Ridgeway
December 29, 2003, 02:40 PM
Guns now made in the US as opposed to Isreal


Good analysis there with one exception- DE production has switched back to Israel, specifically IMI(Israeli Military Industries).

WonderNine
December 29, 2003, 03:40 PM
So what do they make here now? Just the Baby Eagles and that nasty looking thing what's it's name...?

Drjones
December 29, 2003, 04:15 PM
Hello Lone Gunman.

I just acquired a DE myself; a NIB MK XIX .44. I plan on getting the .50 barrel at some point as well.

A source of info you should look at is the Desert Eagle Forum (http://pub64.ezboard.com/bthedeserteagle)

Nice people, pretty knowledgeable about the gun.

I did a lot of research between here, TFL and a few other places while deciding and here's what I found:

The DE is a great gun for its intended purpose. It is a lot of fun to shoot, more accurate than you are, and is reliable in general.

Sure you can find people who have had problems with them, but the same goes for any gun.

If you've got the money and want it, go for it. I am embarrassed to admit that I haven't shot mine yet, so I cannot yet report how mine performs.

I can say that it is awesome just knowing that I have it, it is VERY well made, and is a sight to behold indeed. :)

Let us know what you decide!

Drjones

hksw
December 29, 2003, 04:51 PM
Good analysis there with one exception- DE production has switched back to Israel, specifically IMI(Israeli Military Industries).

News to me. Thanks for the update.

JeffC
December 29, 2003, 04:58 PM
Anyone have any experience with them? I would consider getting one just to play around with if the price was right.

How are they in terms of mechanical functioning? Do they jam a lot?

Are any calibers more reliable than others?

I bought a .357 back in 1986. It only liked certain 158gr loads and still would jam way too often for my liking.

I'd advise you to pass on it and buy something a little more practical.

WonderNine
December 29, 2003, 05:04 PM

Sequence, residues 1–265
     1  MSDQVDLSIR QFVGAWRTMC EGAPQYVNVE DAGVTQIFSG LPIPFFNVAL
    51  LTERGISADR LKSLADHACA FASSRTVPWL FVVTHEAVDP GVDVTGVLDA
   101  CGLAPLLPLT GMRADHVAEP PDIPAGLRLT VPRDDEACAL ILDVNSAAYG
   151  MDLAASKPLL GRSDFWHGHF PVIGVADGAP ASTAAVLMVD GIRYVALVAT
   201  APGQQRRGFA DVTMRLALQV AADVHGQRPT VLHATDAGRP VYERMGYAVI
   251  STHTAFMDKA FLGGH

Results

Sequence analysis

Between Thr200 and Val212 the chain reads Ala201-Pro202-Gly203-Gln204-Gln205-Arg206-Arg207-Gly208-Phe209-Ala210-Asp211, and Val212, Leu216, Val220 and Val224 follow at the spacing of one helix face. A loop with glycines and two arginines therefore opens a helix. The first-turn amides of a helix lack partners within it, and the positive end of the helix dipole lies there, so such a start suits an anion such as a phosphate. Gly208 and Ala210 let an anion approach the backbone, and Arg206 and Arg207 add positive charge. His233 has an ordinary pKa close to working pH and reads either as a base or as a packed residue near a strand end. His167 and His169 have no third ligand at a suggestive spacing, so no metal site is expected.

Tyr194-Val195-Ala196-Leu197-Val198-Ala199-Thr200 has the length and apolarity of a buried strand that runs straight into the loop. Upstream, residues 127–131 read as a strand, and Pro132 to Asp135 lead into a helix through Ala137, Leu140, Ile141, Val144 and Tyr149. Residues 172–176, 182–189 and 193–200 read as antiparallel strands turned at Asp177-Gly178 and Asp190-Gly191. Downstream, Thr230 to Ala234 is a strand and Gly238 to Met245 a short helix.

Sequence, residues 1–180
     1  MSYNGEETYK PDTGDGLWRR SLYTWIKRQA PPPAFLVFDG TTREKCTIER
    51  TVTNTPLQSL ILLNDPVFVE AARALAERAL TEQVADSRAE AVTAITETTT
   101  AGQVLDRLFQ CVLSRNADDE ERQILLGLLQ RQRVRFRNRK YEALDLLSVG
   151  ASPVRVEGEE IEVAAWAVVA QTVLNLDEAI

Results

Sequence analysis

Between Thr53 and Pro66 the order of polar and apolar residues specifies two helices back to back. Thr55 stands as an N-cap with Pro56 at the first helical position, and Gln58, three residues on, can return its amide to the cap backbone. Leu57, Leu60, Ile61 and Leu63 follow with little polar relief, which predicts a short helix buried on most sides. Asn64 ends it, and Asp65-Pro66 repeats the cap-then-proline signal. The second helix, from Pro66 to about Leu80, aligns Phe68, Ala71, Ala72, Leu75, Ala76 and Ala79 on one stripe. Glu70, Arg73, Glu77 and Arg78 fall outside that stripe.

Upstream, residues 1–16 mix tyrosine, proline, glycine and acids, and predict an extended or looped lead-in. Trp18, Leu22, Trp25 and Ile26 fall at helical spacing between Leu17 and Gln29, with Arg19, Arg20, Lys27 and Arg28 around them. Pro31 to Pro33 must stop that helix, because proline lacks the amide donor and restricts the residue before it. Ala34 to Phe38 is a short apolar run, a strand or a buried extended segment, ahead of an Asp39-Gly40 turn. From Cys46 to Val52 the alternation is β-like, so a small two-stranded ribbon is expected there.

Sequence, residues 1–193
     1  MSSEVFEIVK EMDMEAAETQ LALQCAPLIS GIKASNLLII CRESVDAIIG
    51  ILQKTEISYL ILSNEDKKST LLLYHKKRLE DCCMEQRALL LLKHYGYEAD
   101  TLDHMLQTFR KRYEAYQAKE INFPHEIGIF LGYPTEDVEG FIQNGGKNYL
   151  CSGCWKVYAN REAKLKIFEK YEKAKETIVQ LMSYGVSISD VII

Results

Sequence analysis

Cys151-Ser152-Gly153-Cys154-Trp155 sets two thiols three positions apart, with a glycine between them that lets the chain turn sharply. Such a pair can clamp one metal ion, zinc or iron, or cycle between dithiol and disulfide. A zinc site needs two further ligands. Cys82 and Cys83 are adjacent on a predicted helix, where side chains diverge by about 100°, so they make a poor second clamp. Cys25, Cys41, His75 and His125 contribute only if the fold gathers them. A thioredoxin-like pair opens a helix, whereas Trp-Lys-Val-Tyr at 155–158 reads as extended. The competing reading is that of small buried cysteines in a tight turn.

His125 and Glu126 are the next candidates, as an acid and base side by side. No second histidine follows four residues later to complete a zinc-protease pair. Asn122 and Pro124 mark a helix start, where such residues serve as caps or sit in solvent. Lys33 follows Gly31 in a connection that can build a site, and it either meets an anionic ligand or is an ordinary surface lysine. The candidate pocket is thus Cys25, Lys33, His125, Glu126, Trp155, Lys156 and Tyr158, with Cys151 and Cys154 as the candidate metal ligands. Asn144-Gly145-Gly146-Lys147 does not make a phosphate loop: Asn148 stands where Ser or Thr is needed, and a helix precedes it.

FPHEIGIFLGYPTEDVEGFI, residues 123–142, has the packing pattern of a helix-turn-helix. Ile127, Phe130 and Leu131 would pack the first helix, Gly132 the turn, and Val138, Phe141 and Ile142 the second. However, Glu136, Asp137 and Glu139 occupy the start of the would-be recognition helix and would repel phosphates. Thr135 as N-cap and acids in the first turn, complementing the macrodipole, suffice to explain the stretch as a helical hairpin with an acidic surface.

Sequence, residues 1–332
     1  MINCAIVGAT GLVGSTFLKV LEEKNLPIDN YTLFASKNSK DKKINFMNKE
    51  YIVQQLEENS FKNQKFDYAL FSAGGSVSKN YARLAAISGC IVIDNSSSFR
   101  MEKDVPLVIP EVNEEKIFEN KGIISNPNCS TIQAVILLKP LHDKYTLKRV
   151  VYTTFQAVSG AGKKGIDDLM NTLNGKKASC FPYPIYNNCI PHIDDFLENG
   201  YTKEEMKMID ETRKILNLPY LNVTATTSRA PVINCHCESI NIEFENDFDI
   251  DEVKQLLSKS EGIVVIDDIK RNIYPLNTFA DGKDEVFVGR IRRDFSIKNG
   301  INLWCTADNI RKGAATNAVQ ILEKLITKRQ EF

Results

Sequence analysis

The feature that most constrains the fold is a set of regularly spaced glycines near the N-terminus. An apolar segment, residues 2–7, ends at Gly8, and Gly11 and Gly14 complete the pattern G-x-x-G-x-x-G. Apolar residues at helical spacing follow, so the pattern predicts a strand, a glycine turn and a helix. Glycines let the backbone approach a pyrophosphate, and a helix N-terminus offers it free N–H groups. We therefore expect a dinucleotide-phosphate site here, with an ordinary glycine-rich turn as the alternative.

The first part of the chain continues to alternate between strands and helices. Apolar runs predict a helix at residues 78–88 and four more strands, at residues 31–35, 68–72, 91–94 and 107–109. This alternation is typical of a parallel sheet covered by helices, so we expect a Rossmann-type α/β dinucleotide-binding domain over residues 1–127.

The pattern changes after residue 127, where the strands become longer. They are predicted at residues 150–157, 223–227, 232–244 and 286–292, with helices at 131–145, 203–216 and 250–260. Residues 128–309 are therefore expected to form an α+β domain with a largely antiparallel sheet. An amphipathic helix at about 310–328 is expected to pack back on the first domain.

I think everyone is pretty much of the opinion that you need to shoot heavy grain full power loads whatever caliber you choose. There's no way a .357 DE is gonna function if you try to shoot 125gr. Golden Sabers through it....

JeffC
December 29, 2003, 05:25 PM
I think everyone is pretty much of the opinion that you need to shoot heavy grain full power loads whatever caliber you choose. There's no way a .357 DE is gonna function if you try to shoot 125gr. Golden Sabers through it....

I agree, but the list of ammo to use at the time I owned mine it still was fussy at best.

I actually had best luck using Extra hot 125gr flamethrowing hollowpoint handloads. Once they were all gone it was back to high priced factory ammo.

Now 110gr winchesters, forget it. May as well be trying to cycle 38 special.

WonderNine
December 29, 2003, 05:36 PM
Did you ever try any S&B 158gr.?

Black Majik
December 29, 2003, 05:39 PM
how bout' some pics of your Desert Eagles too :D

Drjones
December 29, 2003, 05:45 PM
Black Majik, you're in luck!

I got a digital camera for Christmas, so I will take some pics and post 'em soon as I can!

:)

In the meantime, here's a pic of my knife. I know, I know...OT, but its the only pic of any of my toys that I've taken so far! :)

JeffC
December 29, 2003, 05:53 PM
Did you ever try any S&B 158gr.?